Network News

X My Profile
View More Activity

Research desk is open

Can't follow the action without graphs.

By Ezra Klein  |  August 4, 2010; 11:47 AM ET
Save & Share:  Send E-mail   Facebook   Twitter   Digg   Yahoo Buzz   StumbleUpon   Technorati   Google Buzz   Previous: Spin one for the Gipper
Next: Why we'll have to get serious about health-care costs in one graph


Which states suffered the most (in terms of GDP) over the past three years?

Posted by: SimonCox | August 4, 2010 12:10 PM | Report abuse

I have two possible questions:

1. While GDP has been growing at a faster rate than the last two recoveries (see first chart, how about in relative terms? Is GDP growing at a faster rate than the last two recoveries relative to the depth of the GDP loss during the recession?

2. Are there any comparable deleveraging recoveries, in the US or elsewhere, that could help forecast how long our stagnant growth will last? Is there anything even comparable, historically speaking, to how terribly indebted businesses and private citizens are today?

Posted by: bobsimmons | August 4, 2010 12:12 PM | Report abuse

What's our best guess on where the Laffer curve bends for the US?

Posted by: YuriBertsch | August 4, 2010 12:12 PM | Report abuse

Ezra links to an article on presidents and prosperity ( I've seen other similar articles, such as this one here:

What I'm wondering is, what happens when you account for things like unified party government versus divided government? Who does better?

Obviously, with the president's "bully pulpit," he gets to set a lot of the direction for the country. And while there are tons of mitigating factors involved, if we just did head-to-head comparisons, accounting for control of Congress, who fares best on a variety of economic indicators?

Posted by: aarhead | August 4, 2010 12:20 PM | Report abuse

How does public spending on transportation infrastructure compare over the years since WWII, on a per capita and per vehicle-mile basis? Ideally this will include a breakout of new construction vs. maintenance.

Posted by: meander510 | August 4, 2010 12:24 PM | Report abuse

I'd love a report that shows some comparison to states with strong public unions and exploding pension costs and how liberal the state is considered.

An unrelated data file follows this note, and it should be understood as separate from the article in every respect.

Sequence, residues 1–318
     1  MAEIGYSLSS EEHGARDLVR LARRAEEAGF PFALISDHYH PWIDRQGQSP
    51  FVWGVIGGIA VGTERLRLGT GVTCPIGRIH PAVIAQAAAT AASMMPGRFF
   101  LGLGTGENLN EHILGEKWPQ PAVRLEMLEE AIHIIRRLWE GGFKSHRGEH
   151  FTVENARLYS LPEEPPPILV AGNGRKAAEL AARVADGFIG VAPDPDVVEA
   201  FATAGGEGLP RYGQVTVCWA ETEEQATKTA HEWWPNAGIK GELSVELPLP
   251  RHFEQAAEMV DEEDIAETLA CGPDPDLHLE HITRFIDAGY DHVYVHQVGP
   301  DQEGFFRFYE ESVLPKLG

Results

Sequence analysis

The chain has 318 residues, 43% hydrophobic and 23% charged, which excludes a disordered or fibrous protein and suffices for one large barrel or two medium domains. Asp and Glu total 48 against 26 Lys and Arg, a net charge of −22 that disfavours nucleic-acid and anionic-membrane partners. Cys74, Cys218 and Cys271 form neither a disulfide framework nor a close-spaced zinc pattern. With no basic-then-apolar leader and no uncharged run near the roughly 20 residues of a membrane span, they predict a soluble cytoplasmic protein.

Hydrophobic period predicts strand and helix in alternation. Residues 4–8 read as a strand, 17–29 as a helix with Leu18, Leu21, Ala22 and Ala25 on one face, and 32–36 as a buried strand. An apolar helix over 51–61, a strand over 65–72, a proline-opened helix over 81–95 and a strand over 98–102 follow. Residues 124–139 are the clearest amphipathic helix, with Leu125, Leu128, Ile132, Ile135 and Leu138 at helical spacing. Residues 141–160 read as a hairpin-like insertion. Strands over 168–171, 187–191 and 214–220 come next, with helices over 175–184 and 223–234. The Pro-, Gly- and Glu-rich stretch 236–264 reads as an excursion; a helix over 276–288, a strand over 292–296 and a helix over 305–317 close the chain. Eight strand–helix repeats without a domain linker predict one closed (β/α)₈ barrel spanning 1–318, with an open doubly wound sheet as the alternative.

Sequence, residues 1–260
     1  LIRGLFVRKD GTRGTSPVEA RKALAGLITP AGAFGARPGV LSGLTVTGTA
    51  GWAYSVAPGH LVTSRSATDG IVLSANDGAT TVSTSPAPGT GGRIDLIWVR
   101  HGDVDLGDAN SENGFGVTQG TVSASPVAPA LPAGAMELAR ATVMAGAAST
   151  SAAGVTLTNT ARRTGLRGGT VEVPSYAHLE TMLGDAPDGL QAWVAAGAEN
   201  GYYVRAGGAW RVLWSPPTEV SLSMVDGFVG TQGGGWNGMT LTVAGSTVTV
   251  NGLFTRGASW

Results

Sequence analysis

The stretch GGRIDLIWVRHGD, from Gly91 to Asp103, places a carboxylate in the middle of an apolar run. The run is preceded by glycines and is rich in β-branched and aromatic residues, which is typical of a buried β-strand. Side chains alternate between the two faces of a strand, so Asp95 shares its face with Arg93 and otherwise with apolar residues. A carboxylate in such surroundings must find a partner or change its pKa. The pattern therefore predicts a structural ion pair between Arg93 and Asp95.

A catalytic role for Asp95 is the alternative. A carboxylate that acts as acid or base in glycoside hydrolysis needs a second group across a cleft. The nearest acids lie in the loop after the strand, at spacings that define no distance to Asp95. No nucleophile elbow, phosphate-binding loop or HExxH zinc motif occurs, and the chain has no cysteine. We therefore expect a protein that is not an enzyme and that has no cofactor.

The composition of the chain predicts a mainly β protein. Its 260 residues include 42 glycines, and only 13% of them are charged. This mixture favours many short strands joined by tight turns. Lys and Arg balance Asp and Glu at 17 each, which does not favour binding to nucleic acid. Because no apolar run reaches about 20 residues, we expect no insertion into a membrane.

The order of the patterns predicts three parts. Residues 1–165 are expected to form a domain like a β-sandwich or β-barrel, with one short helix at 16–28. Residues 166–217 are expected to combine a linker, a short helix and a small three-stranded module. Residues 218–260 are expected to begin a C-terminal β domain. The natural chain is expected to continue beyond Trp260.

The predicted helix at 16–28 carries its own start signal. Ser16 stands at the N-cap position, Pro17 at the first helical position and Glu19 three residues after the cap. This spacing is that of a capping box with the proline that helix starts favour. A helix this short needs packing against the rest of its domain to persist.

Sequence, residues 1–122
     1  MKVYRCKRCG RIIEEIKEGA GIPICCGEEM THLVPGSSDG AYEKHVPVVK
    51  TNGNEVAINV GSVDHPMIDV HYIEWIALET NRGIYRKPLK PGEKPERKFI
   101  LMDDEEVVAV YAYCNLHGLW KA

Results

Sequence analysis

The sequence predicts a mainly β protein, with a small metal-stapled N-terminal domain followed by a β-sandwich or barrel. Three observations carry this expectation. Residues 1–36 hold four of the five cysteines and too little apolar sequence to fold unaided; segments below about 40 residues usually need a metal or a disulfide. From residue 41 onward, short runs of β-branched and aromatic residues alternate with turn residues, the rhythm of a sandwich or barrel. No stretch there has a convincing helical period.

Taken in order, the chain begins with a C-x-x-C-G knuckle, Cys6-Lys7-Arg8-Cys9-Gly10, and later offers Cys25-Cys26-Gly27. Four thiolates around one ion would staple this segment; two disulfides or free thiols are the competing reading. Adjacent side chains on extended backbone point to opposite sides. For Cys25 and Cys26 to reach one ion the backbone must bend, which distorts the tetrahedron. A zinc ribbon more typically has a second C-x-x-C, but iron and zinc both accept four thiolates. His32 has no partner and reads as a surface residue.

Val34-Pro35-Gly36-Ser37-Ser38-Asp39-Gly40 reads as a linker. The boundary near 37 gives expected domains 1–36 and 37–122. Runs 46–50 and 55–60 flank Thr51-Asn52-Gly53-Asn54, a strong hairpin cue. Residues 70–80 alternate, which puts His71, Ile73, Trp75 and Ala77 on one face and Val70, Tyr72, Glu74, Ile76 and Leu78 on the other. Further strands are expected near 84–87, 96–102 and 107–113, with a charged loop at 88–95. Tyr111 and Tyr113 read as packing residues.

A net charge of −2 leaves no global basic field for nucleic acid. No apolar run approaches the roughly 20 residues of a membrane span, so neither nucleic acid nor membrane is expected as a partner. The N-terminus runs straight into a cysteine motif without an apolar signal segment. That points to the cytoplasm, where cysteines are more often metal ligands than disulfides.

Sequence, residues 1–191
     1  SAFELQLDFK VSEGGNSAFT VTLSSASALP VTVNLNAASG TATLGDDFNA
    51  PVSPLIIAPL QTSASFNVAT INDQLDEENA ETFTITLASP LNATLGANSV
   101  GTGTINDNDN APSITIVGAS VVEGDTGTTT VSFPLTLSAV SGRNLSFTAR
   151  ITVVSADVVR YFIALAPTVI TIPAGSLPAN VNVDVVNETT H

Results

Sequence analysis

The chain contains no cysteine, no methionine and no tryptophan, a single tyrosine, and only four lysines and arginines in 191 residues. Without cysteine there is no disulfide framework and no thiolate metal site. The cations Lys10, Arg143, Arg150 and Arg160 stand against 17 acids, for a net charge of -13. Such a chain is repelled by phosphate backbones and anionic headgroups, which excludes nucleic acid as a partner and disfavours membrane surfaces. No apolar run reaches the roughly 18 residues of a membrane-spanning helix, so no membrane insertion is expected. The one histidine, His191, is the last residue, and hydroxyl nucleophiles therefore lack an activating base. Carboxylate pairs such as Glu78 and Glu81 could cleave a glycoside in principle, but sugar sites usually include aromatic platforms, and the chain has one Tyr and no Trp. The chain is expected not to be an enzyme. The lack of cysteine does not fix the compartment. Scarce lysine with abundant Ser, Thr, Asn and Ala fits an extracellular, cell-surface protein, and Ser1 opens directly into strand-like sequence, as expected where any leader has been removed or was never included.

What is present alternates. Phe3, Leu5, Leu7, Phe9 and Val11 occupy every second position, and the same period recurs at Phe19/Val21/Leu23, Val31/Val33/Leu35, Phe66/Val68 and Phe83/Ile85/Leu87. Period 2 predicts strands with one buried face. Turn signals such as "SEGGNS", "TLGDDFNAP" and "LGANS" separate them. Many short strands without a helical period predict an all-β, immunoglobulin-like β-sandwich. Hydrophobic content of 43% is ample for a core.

--but i won't hold my breath for it.

Posted by: visionbrkr | August 4, 2010 12:31 PM | Report abuse

I'd love to see some graphics on where all US Gov't subsidies (tax breaks, incentives, direct funding) for energy go - dirty vs. clean.


Posted by: jeirvine | August 4, 2010 12:36 PM | Report abuse

Now that the Washington Post has sold Newsweek, it has quantified the value of the “analysis” that Ezra and his Journolist buddies provide. Could you please post a bar chart that shows the relative value of the following items: Newsweek’s market value, A cup of coffee, a pair of used underwear, a cucumber, and a Justin Bieber download on iTunes? Thanks.

Posted by: cummije5 | August 4, 2010 12:50 PM | Report abuse

While the question by cummije5 above is much more interesting that it might first appear, I have another question.

Back in the days when folks were pushing the PPACA, a Washington Post intern compared the health care systems of several European Union member States with American health care arrangements. What does a comparison of the same EU States look like? Are there any EU member States which have immigration statutes and policies less stringent than those of America? Do all of those EU member States grant citizenship to children of criminal aliens? Do any of those EU member States report economic effects of criminal entry?

Posted by: rmgregory | August 4, 2010 1:18 PM | Report abuse

So, this may have been asked or answered at some point in the past, but what would the average income tax rate have to be in order to balance the projected (post-stimulus) budget if we eliminated all tax credits, deductions, and other breaks?

Posted by: cmharrison1983 | August 4, 2010 5:09 PM | Report abuse

I'd like to know the change in net worth of congressmen and senators per year of service.

It would be even better to have a database of this information by individual legislator.

Posted by: guy991 | August 5, 2010 9:38 AM | Report abuse

Post a Comment

We encourage users to analyze, comment on and even challenge's articles, blogs, reviews and multimedia features.

User reviews and comments that include profanity or personal attacks or other inappropriate comments or material will be removed from the site. Additionally, entries that are unsigned or contain "signatures" by someone other than the actual author will be removed. Finally, we will take steps to block users who violate any of our posting standards, terms of use or privacy policies or any other policies governing this site. Please review the full rules governing commentaries and discussions.

characters remaining

RSS Feed
Subscribe to The Post

© 2010 The Washington Post Company